Green Buildings

Green Buildings refers to the ability to convert an existing building into a LEED certified space. This may also refer to new buildings that are looking to achieve LEED Certification to become green.

Applications Available for LEED AP ID&C and LEED AP BC&C Exams

Thu, 2009-09-24 01:05

The LEED AP Interior Design + Construction and LEED AP Building Design + Construction exams will be available on September 15, 2009. Applications for these exams are now open.


Great Britain’s Green Building Standard: Building for Life

Thu, 2009-09-24 01:02

The UK Commission for Architecture and the Built Environment (CABE)

Building a LEED Home: Green Life Smart Life

Thu, 2009-09-24 00:50

Kimberly Lancaster is building a LEED Home, and we asked her about her experiences building the home. It’s always great to hear about first-hand LEED implementation experiences.

1 – What motivated you to build a green home?

What are LEED Homes?

Thu, 2009-09-24 00:35


“LEED for Homes is a rating system that promotes the design and construction of high-performance green homes. A green home uses less energy, water and natural resources; creates less waste; and is healthier and more comfortable for the occupants.”


Good Growth: Avoiding the Dark Store Problem

Thu, 2009-09-24 00:12

These photos by Brian Ulrich from Time Magazine capture the essence of what happens when cities and towns allow rampant development. Big Box stores provide value to society, but when they are not integrated into the community and when they are built in isolation with hundreds of acres of surrounding parking, they turn into albatrosses rather quickly when the anchor tenant leaves. Those acres of parking to serve the Christmas surge turn into a virtual prison of isolation for Big Box stores.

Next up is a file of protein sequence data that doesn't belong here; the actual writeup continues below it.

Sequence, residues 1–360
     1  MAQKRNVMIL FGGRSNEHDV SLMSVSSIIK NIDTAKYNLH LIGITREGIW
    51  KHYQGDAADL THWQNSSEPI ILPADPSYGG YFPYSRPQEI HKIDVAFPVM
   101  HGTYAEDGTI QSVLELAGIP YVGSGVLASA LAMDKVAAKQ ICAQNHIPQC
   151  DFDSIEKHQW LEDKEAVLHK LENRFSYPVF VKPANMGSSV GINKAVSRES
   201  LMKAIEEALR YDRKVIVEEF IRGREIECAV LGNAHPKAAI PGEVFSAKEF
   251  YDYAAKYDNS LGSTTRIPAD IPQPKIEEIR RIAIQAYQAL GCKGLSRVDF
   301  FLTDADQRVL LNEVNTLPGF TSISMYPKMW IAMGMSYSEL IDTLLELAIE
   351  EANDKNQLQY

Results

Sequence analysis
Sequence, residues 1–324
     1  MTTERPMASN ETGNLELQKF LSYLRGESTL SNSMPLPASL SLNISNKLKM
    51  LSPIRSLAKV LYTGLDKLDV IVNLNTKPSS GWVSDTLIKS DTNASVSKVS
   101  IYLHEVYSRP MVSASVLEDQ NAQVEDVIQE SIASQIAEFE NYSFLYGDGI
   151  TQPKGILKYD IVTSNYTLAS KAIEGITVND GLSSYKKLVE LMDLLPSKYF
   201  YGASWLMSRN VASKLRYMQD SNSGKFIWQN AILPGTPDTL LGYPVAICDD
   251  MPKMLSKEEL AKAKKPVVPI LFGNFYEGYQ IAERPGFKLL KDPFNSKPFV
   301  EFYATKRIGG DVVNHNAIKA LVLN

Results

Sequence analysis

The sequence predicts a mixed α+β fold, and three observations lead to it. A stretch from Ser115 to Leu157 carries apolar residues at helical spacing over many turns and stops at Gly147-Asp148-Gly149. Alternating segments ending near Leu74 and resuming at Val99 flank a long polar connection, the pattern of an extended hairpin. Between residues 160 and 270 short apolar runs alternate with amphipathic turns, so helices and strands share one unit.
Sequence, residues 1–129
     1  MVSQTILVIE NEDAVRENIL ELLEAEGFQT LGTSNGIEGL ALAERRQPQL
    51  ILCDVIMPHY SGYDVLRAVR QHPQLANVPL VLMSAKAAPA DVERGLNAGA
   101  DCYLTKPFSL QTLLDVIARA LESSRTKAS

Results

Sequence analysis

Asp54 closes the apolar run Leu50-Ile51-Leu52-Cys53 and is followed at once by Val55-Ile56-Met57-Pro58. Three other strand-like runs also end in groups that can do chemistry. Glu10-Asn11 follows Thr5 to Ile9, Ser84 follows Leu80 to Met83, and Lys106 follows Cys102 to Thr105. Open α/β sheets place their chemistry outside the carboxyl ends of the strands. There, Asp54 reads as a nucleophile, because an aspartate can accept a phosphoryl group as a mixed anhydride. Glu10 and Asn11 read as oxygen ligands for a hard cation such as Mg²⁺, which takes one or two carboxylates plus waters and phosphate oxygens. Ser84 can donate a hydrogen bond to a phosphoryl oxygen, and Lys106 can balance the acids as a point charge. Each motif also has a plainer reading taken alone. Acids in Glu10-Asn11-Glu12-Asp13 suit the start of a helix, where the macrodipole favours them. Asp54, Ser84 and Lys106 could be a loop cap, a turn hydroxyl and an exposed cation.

USGBC President's Letter: Recession vs. Green Building

Wed, 2009-09-23 23:58

Dear USGBC Constituents:

In recent weeks, a wave of fear and pessimism propagated by the world financial crisis has stolen the headlines, gripped the nation, and challenged our movement. In conversation after conversation, people are asking what will happen to the green building movement if our community is plunged into a recession.

How Does the Bear Market Affect Sustainable Competition?

Wed, 2009-09-23 23:52

The down market has changed the tune of many builders and developers. Two years ago, the building industry motto was that people would buy anything “so who cares what I build as long as I build it as fast as I can.” We also heard, “People don’t buy energy efficiency.” And, “That’s nice, but people would rather have a granite counter top.” At the end of the day, these attitudes translated into home and buildings that shortchanged our future because we built relatively inferior structures as fast as we could.

Green Investments Too Much of a Good Thing?

Wed, 2009-09-23 23:35

Are we in a Green Bubble?

I think one of the hallmarks of a bubble is that no one knows it’s a bubble until it’s too late. Just because something is a good thing doesn’t mean it’s going to implode at some point. There may have been a lot of people who lost a lot of money in Internet stocks back in 2000, but the Internet itself wasn’t ever a bubble and is still going strong. Regardless of how these venture companies fare, we still have tremendous strides to make in terms of sustainability and energy efficiency.

Green Roofs: Reducing the Heat Island Effect

Tue, 2009-09-22 11:16

I think garden roofs are cool. They’re just neat. Think about it - we have the ability to make our buildings blend in with nature and to create green space of the millions of acres of otherwise black tar roofs. Why are black tar roofs bad? Well, for starters a black tar roof raises the local temperature (just like a black asphalt parking lot) by as much as 60 degrees on the roof itself.

San Francisco Mayor Approves Strict Green Building Codes

Tue, 2009-09-22 11:15

San Francisco took a major step Monday to cement its reputation as the most environmentally progressive city in the United States, as Mayor Gavin Newsom signed into law stringent green building codes for new construction and renovations of existing structures in the city. The new building codes focus on water and energy conservation, recycling, and reduction of carbon emissions. They apply to most buildings in the city, including residential projects of all sizes, new commercial buildings over a certain size, and renovations of large commercial spaces.